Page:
I have a passion for building a great credit union. Accounting is one tool. So is Member Service, Business Development, Marketing, IT, Branches, etc.
Air Transportation Industry
Do we have a passion for Member Service?
Split into teams of 5 or 6 and go through the discussion sheet on passion. Workshop leader draw the 3 circles (large) on the flip chart. Gather back to get recaps from the team spokesmen. Fill in the Passion circle with ideas from the teams. Hopefully you will begin to piece together the hedgehog concept here on the sheet. As you fill in each circle ask for feedback on how these circles interact and support each other.
What does it take to win an Olympic medal? Passion, for sure. And the capability to be the absolute best in your field.
Ask the audience to shout out names of top companies. How do we compare? In what ways do we excel?
I recently read an article about a high-end sports sedan manufactured by Volkswagen. The price was over $100,000. Besides my shock at the total price, it didn’t fit with my basic impression of VW. When talking about high end cars, VW doesn’t readily spring to mind. My Dad had a VW van when I was a kid. Not like Rolls Royce, Jaguar, or Mercedes.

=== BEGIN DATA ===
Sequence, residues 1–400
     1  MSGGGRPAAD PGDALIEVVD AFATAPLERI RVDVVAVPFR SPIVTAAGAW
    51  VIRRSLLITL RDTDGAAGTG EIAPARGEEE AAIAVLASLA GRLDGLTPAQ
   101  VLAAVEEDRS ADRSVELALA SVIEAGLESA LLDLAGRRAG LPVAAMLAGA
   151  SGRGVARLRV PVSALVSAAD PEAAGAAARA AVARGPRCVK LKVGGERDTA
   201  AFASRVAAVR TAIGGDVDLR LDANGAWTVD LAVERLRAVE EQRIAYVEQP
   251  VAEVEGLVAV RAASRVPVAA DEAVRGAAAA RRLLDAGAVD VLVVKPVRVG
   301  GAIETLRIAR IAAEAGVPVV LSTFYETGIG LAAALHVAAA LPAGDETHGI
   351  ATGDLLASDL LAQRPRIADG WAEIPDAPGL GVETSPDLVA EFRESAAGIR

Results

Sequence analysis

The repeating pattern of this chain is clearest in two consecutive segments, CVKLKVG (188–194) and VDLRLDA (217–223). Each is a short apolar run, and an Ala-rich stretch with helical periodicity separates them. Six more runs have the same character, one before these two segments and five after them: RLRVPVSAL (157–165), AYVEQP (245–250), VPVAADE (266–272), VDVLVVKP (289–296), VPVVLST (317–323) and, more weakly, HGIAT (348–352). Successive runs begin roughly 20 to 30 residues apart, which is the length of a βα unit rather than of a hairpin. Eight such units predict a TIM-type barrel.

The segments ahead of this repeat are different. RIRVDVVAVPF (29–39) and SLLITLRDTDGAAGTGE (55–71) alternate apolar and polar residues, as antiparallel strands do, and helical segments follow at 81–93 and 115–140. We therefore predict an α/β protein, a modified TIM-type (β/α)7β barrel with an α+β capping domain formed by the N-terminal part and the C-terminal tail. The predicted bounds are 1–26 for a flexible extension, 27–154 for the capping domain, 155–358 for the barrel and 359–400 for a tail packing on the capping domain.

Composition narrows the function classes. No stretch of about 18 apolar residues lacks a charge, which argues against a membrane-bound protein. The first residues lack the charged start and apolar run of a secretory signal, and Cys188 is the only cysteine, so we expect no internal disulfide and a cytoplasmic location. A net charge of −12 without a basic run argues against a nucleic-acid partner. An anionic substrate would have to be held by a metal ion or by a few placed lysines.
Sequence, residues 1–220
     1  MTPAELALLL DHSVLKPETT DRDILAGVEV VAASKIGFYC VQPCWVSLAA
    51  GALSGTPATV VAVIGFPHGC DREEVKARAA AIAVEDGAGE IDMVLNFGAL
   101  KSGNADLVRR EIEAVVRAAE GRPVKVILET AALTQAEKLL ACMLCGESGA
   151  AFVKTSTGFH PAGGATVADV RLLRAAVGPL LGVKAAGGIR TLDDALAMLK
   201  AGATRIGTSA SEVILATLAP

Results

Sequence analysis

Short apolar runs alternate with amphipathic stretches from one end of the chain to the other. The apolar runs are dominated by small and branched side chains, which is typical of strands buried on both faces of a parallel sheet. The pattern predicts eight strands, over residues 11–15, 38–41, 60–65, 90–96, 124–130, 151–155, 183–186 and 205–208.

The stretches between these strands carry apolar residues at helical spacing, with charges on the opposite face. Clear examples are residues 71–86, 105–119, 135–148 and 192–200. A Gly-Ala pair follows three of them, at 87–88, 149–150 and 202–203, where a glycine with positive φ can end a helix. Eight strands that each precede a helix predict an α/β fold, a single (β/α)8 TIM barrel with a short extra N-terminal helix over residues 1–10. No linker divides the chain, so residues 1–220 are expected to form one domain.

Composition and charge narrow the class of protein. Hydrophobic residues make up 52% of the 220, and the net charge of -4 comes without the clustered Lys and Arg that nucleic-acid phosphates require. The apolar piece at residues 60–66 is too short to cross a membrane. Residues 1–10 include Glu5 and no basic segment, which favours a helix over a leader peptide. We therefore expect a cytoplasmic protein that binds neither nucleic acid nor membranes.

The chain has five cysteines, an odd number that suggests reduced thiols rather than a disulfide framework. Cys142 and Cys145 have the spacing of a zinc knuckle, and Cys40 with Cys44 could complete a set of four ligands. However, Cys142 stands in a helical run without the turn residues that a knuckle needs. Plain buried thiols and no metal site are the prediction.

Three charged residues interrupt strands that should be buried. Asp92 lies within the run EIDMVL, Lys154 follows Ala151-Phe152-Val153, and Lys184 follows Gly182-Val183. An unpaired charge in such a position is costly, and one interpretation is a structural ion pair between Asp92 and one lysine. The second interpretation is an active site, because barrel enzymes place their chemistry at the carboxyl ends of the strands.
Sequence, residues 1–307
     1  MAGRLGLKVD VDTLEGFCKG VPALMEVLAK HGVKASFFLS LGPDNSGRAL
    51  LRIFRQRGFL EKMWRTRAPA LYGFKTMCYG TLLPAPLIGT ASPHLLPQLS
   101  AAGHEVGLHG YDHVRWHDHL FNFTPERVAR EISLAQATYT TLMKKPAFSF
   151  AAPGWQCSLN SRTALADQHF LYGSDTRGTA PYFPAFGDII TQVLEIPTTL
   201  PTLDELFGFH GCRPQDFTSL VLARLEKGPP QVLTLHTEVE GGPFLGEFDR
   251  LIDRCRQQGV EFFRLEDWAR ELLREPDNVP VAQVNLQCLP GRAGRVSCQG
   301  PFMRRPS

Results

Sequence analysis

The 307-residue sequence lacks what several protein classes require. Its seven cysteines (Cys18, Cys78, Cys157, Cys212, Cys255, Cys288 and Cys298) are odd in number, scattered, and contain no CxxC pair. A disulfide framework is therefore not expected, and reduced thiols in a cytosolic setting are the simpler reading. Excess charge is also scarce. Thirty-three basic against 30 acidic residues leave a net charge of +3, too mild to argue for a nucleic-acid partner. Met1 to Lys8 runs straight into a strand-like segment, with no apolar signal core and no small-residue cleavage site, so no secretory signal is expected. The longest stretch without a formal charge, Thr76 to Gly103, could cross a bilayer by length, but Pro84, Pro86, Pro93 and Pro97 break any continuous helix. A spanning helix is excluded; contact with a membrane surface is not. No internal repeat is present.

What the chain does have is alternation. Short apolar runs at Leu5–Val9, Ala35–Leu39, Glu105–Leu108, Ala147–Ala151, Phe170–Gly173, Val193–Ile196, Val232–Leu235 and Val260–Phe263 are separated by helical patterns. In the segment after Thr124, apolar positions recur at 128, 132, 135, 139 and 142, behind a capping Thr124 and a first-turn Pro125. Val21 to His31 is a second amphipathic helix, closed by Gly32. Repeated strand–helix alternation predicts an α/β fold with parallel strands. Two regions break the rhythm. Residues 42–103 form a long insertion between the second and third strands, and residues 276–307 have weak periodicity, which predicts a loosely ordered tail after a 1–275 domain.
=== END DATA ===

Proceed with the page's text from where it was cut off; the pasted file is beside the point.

Within the context of the time (1960s) and in its segment of the market (inexpensive, low maintenance, and fun too!), the VW Bug was one of the best cars in the world.
Disney’s Love Bug movies reinforced the public perception that this was a fun and spunky little car. In the 1980’s one car company tried to duplicate the bug’s success. Can you guess which car that was?